25G Laser Shortage

August, 2014

We have been told that there is going to be a worldwide shortage of 25G lasers in the coming two years, supposedly due to not enough capacity having been planned by the industry as a whole.  We hadn’t heard anything like this before.  Do you guys know if this is true, and if so, why it happened? A couple of our contacts indicate that supply is down because of unexpected demand by a few data center operators as well as a greater need for customized optics, and that 25G lasers have inherently lower manufacturing yields than is the case, say with 10G devices. Specifically, the 25G DMLs are in short supply, not the EML devices. However, the EMLs are very expensive, especially for short-distance applications. There is also apprehension that expanding production will create a long-term overcapacity situation, once the market gets back to normal levels. In the meantime, it has become a...

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New M&A Types of Players In Optics

November, 2014

In recent weeks, there has been a flurry of acquisition activity with three optical component companies being purchased by non-traditional kinds of acquirers, particularly players in the short distance, communications market including data centers. These buyers, such as Huber+Suhner and its takeover of Cube Optics, are definitely concerned about an adequate supply of componentry being available. Evidently, even big enterprises with large data centers have the same types of worries as they are also investing in optical device development, as pointed out in a previous blog article. M/A-COM bought BinOptics at the premium price of $230 million (probably four to five times revenue) to ensure adequate access to laser semiconductors. The bottleneck created by Avago Technologies' pickup of CyOptics last year was a significant catalyst. In the past, JDSU and Finisar had a major role in such M&A...

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No Blowback from Neophotonics Pickup

January, 2015

Before the closing of its deal for Emcore’s narrow linewidth tunable laser product line this month, it had been difficult to find any criticism given that Neophotonics bought Santur several years ago. Apparently, there had been some rumblings of a culture clash amongst the personnel with the prior marriage. In fairness, despite a company doing as much due diligence as possible in advance of a purchase, there is no way to really look under the hood until after sale. In addition, the price for Emcore’s devices was only $1.5 million in cash with the rest of the $17.5 million in debt. Emcore’s former solutions appear to be unique with their external cavity lasers, which provide a very narrow linewidth at the 100G data rate. However, at least one major system vendor has indicated its willingness to put up with a certain number of errors in the software, and that it is good enough just...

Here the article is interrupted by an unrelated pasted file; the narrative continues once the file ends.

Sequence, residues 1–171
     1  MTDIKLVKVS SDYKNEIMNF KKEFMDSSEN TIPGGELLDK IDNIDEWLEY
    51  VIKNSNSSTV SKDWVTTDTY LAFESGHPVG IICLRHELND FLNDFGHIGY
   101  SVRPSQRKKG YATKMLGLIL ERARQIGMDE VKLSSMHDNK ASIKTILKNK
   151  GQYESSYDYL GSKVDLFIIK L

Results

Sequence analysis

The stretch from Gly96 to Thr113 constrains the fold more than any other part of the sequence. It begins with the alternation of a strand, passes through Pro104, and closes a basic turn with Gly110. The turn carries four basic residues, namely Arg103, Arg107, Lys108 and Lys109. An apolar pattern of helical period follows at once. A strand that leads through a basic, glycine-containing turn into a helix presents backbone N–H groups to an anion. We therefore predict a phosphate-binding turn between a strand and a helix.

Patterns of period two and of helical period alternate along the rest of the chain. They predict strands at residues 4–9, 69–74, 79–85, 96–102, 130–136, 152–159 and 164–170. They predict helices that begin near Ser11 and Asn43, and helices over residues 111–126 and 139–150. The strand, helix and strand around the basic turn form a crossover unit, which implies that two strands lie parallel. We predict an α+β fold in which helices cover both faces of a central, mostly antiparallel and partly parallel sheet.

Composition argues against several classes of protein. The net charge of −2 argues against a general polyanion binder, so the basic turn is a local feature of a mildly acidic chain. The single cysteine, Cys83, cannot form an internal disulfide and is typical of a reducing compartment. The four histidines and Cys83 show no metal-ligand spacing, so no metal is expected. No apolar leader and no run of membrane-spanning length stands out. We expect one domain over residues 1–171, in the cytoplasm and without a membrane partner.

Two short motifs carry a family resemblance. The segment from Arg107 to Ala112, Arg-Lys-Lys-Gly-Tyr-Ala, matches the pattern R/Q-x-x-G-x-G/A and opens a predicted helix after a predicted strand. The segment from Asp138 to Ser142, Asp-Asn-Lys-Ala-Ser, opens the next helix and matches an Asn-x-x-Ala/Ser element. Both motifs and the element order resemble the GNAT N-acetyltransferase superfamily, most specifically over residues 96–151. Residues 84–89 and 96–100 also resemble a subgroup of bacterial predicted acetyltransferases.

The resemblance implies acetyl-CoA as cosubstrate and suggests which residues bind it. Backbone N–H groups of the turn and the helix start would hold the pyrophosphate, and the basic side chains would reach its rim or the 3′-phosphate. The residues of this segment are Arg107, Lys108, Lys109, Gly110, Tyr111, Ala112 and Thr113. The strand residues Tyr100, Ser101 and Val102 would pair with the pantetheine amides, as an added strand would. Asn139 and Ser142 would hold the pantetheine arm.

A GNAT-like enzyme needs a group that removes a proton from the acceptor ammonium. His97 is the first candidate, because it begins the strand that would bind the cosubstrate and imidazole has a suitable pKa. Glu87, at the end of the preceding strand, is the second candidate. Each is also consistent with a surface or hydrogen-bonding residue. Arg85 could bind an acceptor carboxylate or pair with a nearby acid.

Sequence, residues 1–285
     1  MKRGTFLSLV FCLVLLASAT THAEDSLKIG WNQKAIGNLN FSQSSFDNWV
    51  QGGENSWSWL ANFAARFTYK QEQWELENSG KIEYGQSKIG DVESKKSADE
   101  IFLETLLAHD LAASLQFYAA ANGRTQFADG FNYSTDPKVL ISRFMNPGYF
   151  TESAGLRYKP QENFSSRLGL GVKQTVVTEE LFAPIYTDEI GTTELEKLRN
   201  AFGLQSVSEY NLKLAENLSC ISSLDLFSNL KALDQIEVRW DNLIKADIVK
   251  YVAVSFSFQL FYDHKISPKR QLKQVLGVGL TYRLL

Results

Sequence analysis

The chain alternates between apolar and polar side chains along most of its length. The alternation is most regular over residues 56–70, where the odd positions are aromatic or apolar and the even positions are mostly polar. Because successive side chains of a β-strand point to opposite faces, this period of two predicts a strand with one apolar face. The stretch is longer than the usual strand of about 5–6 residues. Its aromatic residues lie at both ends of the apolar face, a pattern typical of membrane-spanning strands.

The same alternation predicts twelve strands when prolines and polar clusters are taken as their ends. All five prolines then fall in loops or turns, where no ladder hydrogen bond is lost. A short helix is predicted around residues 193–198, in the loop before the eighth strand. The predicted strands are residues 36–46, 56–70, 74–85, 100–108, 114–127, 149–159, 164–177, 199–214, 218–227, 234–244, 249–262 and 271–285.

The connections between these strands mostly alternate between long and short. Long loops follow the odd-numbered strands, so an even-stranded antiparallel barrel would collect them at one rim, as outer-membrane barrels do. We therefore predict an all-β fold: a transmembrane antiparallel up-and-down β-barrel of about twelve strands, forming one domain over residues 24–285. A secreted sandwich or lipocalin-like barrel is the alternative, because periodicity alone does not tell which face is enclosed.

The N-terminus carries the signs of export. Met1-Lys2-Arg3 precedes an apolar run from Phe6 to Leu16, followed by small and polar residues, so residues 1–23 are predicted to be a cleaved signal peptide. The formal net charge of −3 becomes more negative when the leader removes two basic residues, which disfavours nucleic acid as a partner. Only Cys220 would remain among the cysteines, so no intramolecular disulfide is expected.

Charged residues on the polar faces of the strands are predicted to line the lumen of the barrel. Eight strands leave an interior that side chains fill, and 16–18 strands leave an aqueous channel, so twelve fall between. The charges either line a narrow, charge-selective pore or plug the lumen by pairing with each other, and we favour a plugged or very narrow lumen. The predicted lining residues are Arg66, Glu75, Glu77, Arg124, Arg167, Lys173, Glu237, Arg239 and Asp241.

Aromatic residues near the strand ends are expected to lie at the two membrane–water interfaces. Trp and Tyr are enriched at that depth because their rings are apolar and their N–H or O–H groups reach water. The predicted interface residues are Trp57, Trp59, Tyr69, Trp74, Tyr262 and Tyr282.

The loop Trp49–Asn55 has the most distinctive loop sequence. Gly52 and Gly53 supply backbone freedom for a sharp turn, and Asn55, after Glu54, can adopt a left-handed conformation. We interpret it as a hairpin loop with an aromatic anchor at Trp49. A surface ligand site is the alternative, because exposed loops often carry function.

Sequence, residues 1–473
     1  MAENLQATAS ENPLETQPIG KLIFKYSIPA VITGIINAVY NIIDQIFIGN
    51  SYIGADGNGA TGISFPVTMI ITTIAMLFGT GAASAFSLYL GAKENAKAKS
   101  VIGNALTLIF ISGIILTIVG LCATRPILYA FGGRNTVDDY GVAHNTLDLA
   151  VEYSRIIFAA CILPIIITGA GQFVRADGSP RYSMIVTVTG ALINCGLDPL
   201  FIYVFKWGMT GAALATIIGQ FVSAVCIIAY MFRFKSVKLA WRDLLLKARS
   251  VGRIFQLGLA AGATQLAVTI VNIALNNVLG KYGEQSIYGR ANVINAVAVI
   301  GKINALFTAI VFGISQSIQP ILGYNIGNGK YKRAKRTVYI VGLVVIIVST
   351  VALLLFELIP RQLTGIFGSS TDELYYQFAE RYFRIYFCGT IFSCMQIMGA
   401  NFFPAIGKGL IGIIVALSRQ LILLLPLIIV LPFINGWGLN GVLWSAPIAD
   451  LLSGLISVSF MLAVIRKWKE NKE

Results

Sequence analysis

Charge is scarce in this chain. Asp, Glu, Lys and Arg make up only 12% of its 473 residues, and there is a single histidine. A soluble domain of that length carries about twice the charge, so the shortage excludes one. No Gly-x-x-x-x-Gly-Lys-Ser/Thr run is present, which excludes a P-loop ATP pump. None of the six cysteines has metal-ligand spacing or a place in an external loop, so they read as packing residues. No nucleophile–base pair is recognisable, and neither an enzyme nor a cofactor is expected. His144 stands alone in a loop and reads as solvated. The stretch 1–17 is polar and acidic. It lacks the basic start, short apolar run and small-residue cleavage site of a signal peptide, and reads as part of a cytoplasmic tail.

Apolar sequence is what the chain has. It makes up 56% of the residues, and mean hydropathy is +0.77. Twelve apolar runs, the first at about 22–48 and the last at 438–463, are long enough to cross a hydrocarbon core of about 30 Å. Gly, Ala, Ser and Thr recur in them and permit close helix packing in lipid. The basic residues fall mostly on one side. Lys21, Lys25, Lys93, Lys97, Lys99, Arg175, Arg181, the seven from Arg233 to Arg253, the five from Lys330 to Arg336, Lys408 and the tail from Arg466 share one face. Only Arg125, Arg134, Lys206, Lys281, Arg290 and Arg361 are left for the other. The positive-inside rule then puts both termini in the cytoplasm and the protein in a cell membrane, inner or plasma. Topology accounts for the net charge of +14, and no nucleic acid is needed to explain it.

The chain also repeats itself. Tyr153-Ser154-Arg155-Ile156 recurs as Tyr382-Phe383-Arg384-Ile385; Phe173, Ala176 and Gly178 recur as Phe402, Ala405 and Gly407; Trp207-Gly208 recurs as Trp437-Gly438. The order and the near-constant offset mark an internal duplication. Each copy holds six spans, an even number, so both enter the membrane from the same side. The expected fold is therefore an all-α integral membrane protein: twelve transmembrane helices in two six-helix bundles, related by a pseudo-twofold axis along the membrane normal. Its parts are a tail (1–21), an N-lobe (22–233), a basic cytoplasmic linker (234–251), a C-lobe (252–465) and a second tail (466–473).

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Surviving in a 10G World

February, 2015

Given that the lion’s share of the discussion in telecom forums is about vaporware, it is not surprising that a lot people in the industry would probably be amazed to hear that R&D spending on 10G devices is still happening. While the really compelling drama within suppliers is occurring with mature or even declining market situations, including on 1G and on VCSELs, in which substantial revenue is on the line, the obsession on analyzing the accounts of the various futuristic, sexier solutions can sound repetitive, and at the end of the day, they have a tendency to be quite boring. In contrast, the struggle for 10G transport equipment vendors to survive is a captivating narrative involving a data rate, which will remain a mainstay in public and enterprise networks for a very long time -- in which there is still an overabundance of participants (partially because financing going back to...

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Bullish on 850nm VCSELs; Avago Selling VCSEL Components

March, 2015

As we will demonstrate on an OFC 2015 panel, the data center VCSEL market will remain healthy for an extremely long time, especially in terms of steady revenues. The most shocking change is based on recent evidence that Avago Technologies is selling VCSEL components, possibly including as far down the food chain as bare die, to at least one interconnect solutions provider and at the request of a minimum of one very large enterprise. In even reading between the lines of a small portion of the transcript of the latest quarterly report from the vendor, it indicates a move in this direction: "...[W]hen you start talking about 25[G], you’re talking about having to drive short-reach or even longer reach native 25, which makes it very tough to produce laser, VCSELs, laser, so to speak, that does 25 gigabit. We are one of the few guys who can do it. And we happily sold it to guys who do 100...

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